Software and Training at the Centre for Multilevel Modelling - history, challenges and current research

The Centre for Multilevel Modelling has a long history, first at the Institute of Education where it emerged from Professor Harvey Goldstein’s research team in the 1990s and for the past 20 years at the School of Education, University of Bristol. The Centre’s research looks into the use of statistical modelling to answer real world problems using data that have complicated dependency structures. Our research is wide-ranging from the development of new statistical methodology and supporting this with user friendly software to the application of this methodology to a whole range of disciplines. We have been fortunate to have had large amounts of funding over the years through the ESRC and particularly it’s NCRM programme. One important strand that has run through our research from the start has been the importance of a training element so that our methods gain maximum usage in the fields that require them. This has led to the research leading 2 related REF ( and ) in the education and maths UoAs respectively.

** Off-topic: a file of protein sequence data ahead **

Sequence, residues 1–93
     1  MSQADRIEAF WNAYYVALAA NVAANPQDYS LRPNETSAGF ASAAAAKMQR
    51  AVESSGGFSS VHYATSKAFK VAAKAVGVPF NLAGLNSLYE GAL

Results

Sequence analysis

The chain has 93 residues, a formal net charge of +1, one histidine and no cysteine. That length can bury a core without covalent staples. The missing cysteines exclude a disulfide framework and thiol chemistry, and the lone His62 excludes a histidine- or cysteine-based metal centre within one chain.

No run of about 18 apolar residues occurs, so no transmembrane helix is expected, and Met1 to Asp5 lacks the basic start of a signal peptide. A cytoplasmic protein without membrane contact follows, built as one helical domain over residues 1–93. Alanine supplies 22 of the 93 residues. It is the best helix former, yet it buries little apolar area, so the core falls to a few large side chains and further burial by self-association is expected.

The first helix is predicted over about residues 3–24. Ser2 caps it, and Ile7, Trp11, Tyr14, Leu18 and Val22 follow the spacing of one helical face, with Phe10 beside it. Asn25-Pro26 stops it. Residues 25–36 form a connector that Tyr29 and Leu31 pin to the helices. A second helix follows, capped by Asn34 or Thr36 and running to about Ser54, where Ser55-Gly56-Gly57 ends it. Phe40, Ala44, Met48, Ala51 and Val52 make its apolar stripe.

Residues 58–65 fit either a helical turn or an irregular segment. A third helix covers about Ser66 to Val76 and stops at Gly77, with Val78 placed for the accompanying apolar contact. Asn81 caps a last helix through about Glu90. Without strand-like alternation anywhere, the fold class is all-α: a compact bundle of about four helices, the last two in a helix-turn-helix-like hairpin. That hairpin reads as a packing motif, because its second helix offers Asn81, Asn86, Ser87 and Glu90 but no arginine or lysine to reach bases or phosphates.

In this talk I will describe some of the history of the centre and our software development work. I will talk about how this has changed in the 25+ years that I have been associated with the centre as fitting multilevel models has moved from being only available through specialist software to now being widely used in most disciplines. How this has impacted on our software development and training over the period. I will also talk about later work on automating statistical analysis and training material generation (funded by the ESRC and British Academy) and contrast this with AI and Chat-GPT that has probably largely superseded it.

Much use of multilevel models is with large secondary datasets and so if time allows I will talk briefly about the challenges of designing primary data studies that exhibit multilevel structures and how for example one can calculate required sample sizes for such studies via simulation.